Oblivion Song follows Nathan Cole, who embarks on daily rescue missions to recover the 300,000 citizens that went missing during a decade-prior apocalypse in Philadelphia. The government has made every attempt to search for them in the hellscape referred to as Oblivion, but has given up after years of fruitless effort. Cole is now the only hope for those missing, but something else in the ruins calls to him as well.
We love Halloween- it’s scary, campy, and you can be whatever you want to be (which you can mostly do all the time, unless what you want to be is a ghoul or a sexier version of something decidedly unsexy). Unfortunately, getting down to the last episode of your favorite show is not the fun kind of scary. But if your show is on this list, here are some spooky, whacky, and genuinely frightening reads to tide you over.
Buffy the Vampire Slayer
Those of us with Buffy nostalgia face a challenge that can be scarier than the show itself- the fact that the show’s been finished since 2003. But if you can’t live without the misadventures of the teens quietly (and sometimes NOT so quietly) defending Sunnydale from monsters, why not explore an untold part of that story?
Patrick Ness’ The Rest of Us Just Live Hereexplores the lives of background characters in a nondescript town like Sunnydale for those of us who have never fought a vampire with our bare hands (or, you know, with anything else). Teenagers beset with their own slew of issues try to exist as the Chosen Ones deal with their zombie cops and spooky blue lights from outer space. This genre-bending book merges fantasy with reality as Ness explores how ordinary human lives fit in with the high stakes of genre fiction.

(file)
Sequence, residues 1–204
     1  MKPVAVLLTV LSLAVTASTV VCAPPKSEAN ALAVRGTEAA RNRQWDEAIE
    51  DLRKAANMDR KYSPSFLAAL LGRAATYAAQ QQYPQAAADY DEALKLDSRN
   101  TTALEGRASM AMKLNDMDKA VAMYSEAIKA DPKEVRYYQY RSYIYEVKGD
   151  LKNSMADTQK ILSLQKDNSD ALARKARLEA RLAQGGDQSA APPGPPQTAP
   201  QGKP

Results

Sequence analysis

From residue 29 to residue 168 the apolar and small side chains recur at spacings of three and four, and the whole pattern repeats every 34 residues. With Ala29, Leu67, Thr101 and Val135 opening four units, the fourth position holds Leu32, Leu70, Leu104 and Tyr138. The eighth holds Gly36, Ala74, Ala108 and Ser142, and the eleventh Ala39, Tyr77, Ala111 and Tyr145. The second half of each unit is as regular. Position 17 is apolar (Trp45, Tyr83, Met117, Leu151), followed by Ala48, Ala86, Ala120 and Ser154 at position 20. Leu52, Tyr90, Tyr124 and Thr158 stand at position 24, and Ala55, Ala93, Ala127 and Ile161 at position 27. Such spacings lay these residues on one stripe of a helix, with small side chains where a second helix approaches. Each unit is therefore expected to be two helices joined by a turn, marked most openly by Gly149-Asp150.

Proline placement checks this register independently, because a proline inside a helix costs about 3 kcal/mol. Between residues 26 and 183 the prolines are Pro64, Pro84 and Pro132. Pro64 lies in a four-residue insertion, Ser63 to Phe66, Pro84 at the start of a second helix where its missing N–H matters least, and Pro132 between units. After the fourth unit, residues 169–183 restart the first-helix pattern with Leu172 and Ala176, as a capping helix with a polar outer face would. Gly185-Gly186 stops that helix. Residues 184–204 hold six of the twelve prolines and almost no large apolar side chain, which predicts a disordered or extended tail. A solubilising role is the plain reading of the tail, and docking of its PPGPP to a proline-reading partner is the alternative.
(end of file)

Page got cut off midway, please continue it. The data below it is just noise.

Unlike with Buffy, anyone who watches Supernatural knows there’s no shortage of content. Now entering its fourteenth season, the cult classic has thrilled viewers since 2005 with its story of two inseparable brothers who save lives, hunt monsters, make questionable choices, and fight with each other nonstop.
V.E. Schwab’s Viciousis a twist on the typical superhero story, following two former classmates who were once as close as brothers. When a string of bad decisions puts the friends in uncomfortably close contact with the world of the supernatural, some lives are saved- and others are lost. The mercurial relationship between Schwab’s protagonists may remind you of Supernatural‘s infamous brothers, and the hunting definitely will.